Friday, July 1, 2022

How To Use CSS3 To Create Drop Caps


Drop caps are a formatting tool that is rarely used these days. They were most popular in print productions and are not seen very often on websites. There could be any number of reasons why, but special formatting and coding considerations are the most likely reasons for the lack of use online.

I use Joomla for my own site, and Joomla’s text editor does not have a drop cap format button even though there are buttons to easily create subscript and superscript, and I’m hard pressed to think of a time when I used those buttons. When I hand coded my own static HTML site, if I wanted to create drop caps, I had to throw in a special format tag.

I understand that the :first-letter selector has been around for a few years, but I have to admit that I’ve never used it. I recently discovered some code, however, that shows how to use the :first-letter selector along with first-child and some CSS3 shadow effects to create a drop cap effect. Using this combination of code will allow you to have a stylish drop cap effect without having to constantly add special tags to make it function.

The code featured in this article was originally written by Chris Spooner, and you can view the demo here.

Show Us The Code!

Here is the HTML that is used, and it does make use of some of the features of HTML5:

<!DOCTYPE html>
<meta charset=”utf-8″ />
<title>CSS Drop Shadow</title>

<link href=”style.css” rel=”stylesheet” />



<p>You either die a hero or you live long enough to see yourself become the villain.</p>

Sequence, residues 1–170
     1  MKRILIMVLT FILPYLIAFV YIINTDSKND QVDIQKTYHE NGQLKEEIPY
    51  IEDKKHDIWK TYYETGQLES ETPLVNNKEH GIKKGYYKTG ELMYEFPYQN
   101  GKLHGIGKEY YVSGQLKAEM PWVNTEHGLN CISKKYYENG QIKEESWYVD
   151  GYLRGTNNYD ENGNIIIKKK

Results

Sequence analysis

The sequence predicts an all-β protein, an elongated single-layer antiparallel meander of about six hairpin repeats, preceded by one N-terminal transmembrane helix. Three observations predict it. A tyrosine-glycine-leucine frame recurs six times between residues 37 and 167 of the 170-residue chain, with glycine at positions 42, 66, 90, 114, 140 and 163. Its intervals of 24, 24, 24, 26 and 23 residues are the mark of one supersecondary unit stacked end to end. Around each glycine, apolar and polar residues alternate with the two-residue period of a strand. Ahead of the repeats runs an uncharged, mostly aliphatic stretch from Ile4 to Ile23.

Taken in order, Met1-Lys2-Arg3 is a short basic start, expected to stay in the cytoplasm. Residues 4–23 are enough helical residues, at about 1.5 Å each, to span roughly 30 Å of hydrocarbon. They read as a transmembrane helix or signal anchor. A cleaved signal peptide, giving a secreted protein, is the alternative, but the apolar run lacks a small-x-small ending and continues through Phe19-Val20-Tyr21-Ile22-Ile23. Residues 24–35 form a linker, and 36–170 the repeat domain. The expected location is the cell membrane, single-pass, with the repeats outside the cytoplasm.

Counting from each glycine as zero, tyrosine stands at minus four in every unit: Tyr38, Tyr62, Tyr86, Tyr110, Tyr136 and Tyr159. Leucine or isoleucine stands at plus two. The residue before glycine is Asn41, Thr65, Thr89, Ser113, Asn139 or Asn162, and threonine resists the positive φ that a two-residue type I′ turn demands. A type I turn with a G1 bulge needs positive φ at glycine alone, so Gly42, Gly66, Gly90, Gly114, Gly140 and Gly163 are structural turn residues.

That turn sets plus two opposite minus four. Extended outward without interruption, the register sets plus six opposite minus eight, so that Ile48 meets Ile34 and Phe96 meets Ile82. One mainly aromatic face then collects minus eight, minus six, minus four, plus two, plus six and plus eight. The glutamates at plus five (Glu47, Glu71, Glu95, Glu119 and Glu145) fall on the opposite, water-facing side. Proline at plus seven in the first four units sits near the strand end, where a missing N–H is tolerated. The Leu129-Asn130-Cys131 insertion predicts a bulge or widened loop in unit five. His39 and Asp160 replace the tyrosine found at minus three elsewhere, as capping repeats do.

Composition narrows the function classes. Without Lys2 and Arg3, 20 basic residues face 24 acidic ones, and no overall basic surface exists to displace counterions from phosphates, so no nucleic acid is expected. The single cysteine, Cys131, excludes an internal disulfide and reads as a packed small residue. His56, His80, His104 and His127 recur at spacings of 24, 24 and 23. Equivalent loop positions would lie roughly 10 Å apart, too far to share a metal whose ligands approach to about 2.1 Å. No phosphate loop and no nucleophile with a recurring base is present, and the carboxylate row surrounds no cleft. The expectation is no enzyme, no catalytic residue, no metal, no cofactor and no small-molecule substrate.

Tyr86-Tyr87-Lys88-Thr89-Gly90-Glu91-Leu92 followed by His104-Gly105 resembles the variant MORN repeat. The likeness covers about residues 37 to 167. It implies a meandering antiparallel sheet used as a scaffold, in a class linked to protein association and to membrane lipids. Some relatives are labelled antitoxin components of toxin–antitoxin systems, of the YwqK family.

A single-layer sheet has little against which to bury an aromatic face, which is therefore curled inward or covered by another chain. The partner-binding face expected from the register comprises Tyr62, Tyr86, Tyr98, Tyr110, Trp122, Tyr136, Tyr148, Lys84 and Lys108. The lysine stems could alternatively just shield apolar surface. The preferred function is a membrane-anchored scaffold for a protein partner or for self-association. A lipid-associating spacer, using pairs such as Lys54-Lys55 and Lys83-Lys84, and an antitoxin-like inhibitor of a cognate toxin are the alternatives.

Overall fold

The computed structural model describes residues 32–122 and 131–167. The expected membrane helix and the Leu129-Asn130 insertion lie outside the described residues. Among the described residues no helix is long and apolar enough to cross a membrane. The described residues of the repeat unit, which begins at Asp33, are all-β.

The best part about this code is what you don’t see. When I used to hand code my old static site, I would have to write out the code like this for each and every drop cap, where ‘introduction’ was my style name for the drop cap, as seen below:

<p><p class=”introduction”>D</p><p>

Typing in that extra line of code got old pretty quickly, but the outcome still looks nice. That’s why I’m giving this CSS3 drop cap effect some attention. Now for the CSS code.

p {
    font-size: 50px; line-height: 80px;
    text-transform: uppercase;
    text-shadow: 10px 10px 0 rgba(255,255,255,0.07);

The above code shows how Chris styled his paragraphs. Take note that he transformed all of the text to be uppercase. That’s a neat bit of code to know, but I’m not sure how often you’ll want to use it in everyday text. Perhaps you might want to use it for callouts, in that case, the shadow effect would also look nice.

This next bit of code is crucial for the drop cap to work successfully. In addition to using first:letter, you must also use first-child. This will prevent the drop cap effect from happening for each and every paragraph. The first-child element keeps the drop cap to only the first letter of the first paragraph on each page. You want to <i>use</i> the drop cap effect and not <i>over</i> use it.

p:first-child:first-letter {
    font-size: 160px; float: left; margin: 20px 20px 0 0; line-height: 0.8;

The 160px size might sound huge compared to the paragraph size of 50px, but you have to keep in mind that you want the drop cap to span a few rows. Otherwise, it wouldn’t be a very effective drop cap, would it?

Most drop caps do have a touch of special formatting to offset it from the rest of the text. In this demo, Chris added a shadow to the drop cap for that special touch.

p:first-child:first-letter {
    font-size: 160px; float: left; margin: 20px 20px 0 0; line-height: 0.8;;
    text-shadow: 4px 4px 0 #566074, 7px 7px 0 #fff;


That’s all there is to it. A few lines of code and you have an automatically formatted drop cap for the first paragraph of each page. My suggestion is to go ahead and use it. It’s special touches like this that separate the ho-hum sites from those whose creators really care about how text is formatted and how their site is presented.

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